MR. ABRAHAM: My understanding, sir, is that it did. However, unfortunately, the record that was placed before the court -- as are the records and the cases of every single detainee, do not contain all of the information that was reasonably available. The process was never calculated to allow for, or accommodate, all of the information that was immediately or even reasonably available. And, moreover, the process itself created a scheme -- and I don't mean that in the pejorative sense, but a system by which, through its streamlining orientation and focus, a quick result was preferred over a probing inquiry.

REP. SAXTON: My understanding is that the court, under this decision or pursuant to this decision, has the right to look at evidence that was considered by the CSRT as well as any other evidence that exists. Is that not correct?

MR. ABRAHAM: My understanding is that you are correct as to the power or reach of the court. The problem is that the tools that are available to gather that information, certainly at the disposal ofany of the intelligence communities and that would have been available within any other procedure, were not applied in the case of the CSRTs.

REP. SAXTON: Just -- just for the record, once the CSRT has rendered its determination of status of the -- of the detainee, the detainee, under the current law, is -- that we created last year -- is entitled to an annual administrative review board process and, not being satisfied with that process, has access to the Federal Court of Appeals in the D.C. circuit. And it is the Federal Court of Appeals that we are now talking about, and of course, if the detainee is not satisfied with the result of the Federal Court of Appeals, he has access to the United States Supreme Court. Is that correct?

MR. ABRAHAM: My understanding, sir, is that that is correct.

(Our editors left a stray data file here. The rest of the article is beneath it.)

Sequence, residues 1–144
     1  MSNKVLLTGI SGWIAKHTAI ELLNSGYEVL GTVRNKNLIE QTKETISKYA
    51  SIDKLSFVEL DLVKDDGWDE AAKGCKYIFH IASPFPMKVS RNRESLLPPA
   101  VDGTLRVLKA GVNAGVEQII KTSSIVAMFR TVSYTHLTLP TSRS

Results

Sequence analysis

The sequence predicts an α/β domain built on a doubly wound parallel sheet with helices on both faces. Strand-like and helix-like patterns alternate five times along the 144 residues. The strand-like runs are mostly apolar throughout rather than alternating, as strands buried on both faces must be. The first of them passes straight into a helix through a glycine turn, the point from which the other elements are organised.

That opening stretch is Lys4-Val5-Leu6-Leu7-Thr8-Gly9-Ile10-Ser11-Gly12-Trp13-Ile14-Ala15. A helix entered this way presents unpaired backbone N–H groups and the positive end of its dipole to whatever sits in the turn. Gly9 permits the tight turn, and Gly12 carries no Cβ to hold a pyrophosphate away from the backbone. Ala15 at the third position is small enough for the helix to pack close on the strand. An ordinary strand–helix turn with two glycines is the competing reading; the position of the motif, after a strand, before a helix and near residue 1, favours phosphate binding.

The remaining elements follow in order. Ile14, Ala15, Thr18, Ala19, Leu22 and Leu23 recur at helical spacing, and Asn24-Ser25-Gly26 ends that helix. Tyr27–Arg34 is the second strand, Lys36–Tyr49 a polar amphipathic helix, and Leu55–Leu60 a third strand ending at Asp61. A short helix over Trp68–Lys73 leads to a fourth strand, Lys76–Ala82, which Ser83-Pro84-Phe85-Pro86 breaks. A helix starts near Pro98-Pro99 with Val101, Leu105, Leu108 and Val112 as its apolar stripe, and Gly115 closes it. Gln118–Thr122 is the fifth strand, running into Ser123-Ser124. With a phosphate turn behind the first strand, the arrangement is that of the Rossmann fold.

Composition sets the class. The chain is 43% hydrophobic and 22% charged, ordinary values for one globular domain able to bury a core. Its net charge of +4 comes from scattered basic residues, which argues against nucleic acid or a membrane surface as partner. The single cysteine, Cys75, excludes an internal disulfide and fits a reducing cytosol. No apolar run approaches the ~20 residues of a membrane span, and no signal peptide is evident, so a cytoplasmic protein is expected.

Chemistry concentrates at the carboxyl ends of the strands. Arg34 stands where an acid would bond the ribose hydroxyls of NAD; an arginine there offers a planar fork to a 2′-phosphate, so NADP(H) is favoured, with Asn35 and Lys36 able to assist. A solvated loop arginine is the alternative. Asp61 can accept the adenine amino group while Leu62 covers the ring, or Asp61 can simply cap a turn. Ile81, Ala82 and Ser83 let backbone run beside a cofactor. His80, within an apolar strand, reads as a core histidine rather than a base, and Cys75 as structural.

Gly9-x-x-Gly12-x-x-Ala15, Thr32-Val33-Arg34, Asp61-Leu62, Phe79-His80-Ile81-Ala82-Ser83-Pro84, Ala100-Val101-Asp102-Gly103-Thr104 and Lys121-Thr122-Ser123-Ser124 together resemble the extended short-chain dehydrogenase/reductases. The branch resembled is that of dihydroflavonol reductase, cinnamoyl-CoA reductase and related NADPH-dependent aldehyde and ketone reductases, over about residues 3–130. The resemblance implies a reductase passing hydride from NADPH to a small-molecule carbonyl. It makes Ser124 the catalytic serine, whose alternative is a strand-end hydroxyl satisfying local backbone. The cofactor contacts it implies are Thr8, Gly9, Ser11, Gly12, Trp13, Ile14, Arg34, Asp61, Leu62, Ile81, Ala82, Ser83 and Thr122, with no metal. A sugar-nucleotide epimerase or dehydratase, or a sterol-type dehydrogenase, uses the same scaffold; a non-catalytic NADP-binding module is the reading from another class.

[...]

MR. ABRAHAM: I'd like to make a few comments in response, Member Bartlett. You ask,"Why should we be looking for a substitute for habeas?" Let me start by saying the background rule until the Resolul (ph) decision and the peculiar circumstances that the Supreme Court saw in Guantanamo Bay -- the background rule from Johnson v. Eisentrager is that habeas is not available to those detained as part of an armed conflict overseas. So the background rule is no habeas, no judicial review at all whatsoever. That was changed by the Resolul (ph) decision so that there could be habeas for those at Guantanamo Bay.

But I think that it is a somewhat pervasive error -- in my view an error -- to claim that habeas review for enemy combatants detained during an armed conflict is this very well defined, very well known specific set of review rights. It's not. There has never been habeas review for enemy combatants detained in an armed conflict before, because of the Johnson versus Eisentrager rule. So the law has to be developed about what exactly the court will do in habeas review.

I think that it was a wise decision for Congress to step in and say, we're going to have judicial review. We're going to have Article III court review where we're going to set up specific procedures for it so that we're not just developing things through litigation -- going through litigation about what the habeas review will be. We're going to set up specific standards. And I think the standards that were set up for review in the DTA are sufficient to address the concerns of allowing serious, robust judicial review.

The D.C. Circuit has made it clear that that review is going to go outside the record of the CSRT. It is not limited simply to the evidence that was presented to the CSRT. It is going to include all available evidence. If there are issues like the particular petitioner believes that evidence that was available was improperly ruled unavailable, that can be challenged in the D.C. Circuit and the D.C. Circuit will rule on that. And there's no reason to think that the Article III judges in the D.C. Circuit are going to be any worse or any more lenient in ruling on basic questions like that than some district judge in a habeas action would be.

And so I think the question also is: Now that Congress has established this specific procedure -- a new specific procedure to deal with a new and unprecedented situation -- why should we be adding habeas corpus, an undefined and somewhat amorphous habeas corpus review, as an alternative on top of that so that there are two avenues for judicial review that will simply add burdensome litigation? I think that the system Congress has set up in the DTA provides for adequate Article III court review and a returning to allowing habeas as a duplicative form of access to the courts is unnecessary and unwise.

REP. BARTLETT: If I might say, Mr. Chairman, I think that you --

REP. SKELTON: I want to suggest, Mr. Abraham, in answering the question we've run out of time. And because of the excellent nature of the question, I think everyone should be given the right to fully answer it. Mr. Abraham, why don't you answer it -- and then your time will expire.